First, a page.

. . . but they supposedly recount one incident.
The first came to me via the Traditional Values Coalition alert e-mail, which is generally quite strident. It referred me to this story on Alain’s Newsletter, which tends to make the TVC alerts look calm, collected, and irenic.
Now here’s another story, this time from The Columbian. You need to read both stories to get the picture here. I’m not going to quote extensively from them.
I think one can get most of the facts out of these stories, if one ignores the hyperbole and possible reconstructions. But if you look at what is reported and what is emphasized in each story, you will see an excellent example of how to slant news. It’s not by actually concocting facts from thin air. I think completely fabricated data is quite rare, but creative selection is quite another matter. Rather, it’s by means of reporting certain specific things.
You see, if a group of students were refused permission to pray outside of class time and without disrupting the activities of the school, in other words, in good discipline, I would certainly be angry at the school. This sort of thing does happen, but it’s generally the result of ignorant school officials, lacking good judgment and sometimes fearful of lawsuits, though if they’re that stupid they should be subject to lawsuits. On this point everyone from the ACLU to the ACLJ can agree.
I’m firmly in favor of prayer. I’ve written a couple of books on it, though only one is still in print. I teach weekend seminars on prayer. I’m not against prayer. Got that? So if the facts were solely as stated in the Alain’s Newsletter report, then no problem. Reinstate the students and let them pray.
But there were certain things that defied probability, and so I looked for other stories to see if things would clarify themselves just a bit. I was doubtful of the claim that complaints came from “one Satanist” student. That’s one of those elements of a story that’s just too good (for the side of the writer) to be true. It might be, but I doubt it. Note that the offer of a classroom in which to offer prayer is missing from the Alain’s report.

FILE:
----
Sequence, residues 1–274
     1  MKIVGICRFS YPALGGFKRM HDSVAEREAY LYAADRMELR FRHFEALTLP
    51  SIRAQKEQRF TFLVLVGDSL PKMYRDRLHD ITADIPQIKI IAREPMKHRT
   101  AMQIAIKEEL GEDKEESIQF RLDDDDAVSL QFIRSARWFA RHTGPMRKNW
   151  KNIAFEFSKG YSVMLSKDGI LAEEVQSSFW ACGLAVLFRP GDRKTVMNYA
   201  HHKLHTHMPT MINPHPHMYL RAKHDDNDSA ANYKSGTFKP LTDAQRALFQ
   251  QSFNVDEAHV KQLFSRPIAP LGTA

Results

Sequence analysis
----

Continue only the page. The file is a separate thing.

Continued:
Now constitutionally I’m not 100% on the boundaries, but if the facts are as The Columbian reported them, I think the school officials will turn out to be within their rights, even though their reaction sounds excessive to me based on the provocation. Other facts could change my mind on that. On the other hand, if the disruption of traffic resulted from hecklers, and not from the actions of the praying students, I would be opposed to the actions of the school officials. The problem is that it is precisely key facts such as that one that are hard to dig out once emotions are high.
I think the following facts are key:
- The offer of a classroom and the appropriate supervision
- Was it the praying students or hecklers who were disruptive (or a little of both)?
- What was the response of the praying students to the school’s authority? If that authority was properly exercised, and yet resisted, that would explain greater sanctions.
But more important than the legal issues, which are not my forte in any case, are the issues of Christian values. When we pray publicly, what message is it that we are trying to send? There is a good point here in Matthew 6:5-6. I don’t think we should read such a short message as condemning public prayer, as I have heard done, but the purpose of prayer should be questioned. If the purpose of the prayer is to make a show, to shove it in people’s face, then I think we need to reevaluate our actions. For example, if a classroom was indeed offered, as the school spokesman indicated, then the question would be why pray in the commons?
Again, I think it is quite possible that more facts need to be brought out in this case, but based on what I have seen I would have serious concerns, both about the actions of the students and the sanctions imposed. I’ll have my eyes open for more clarification.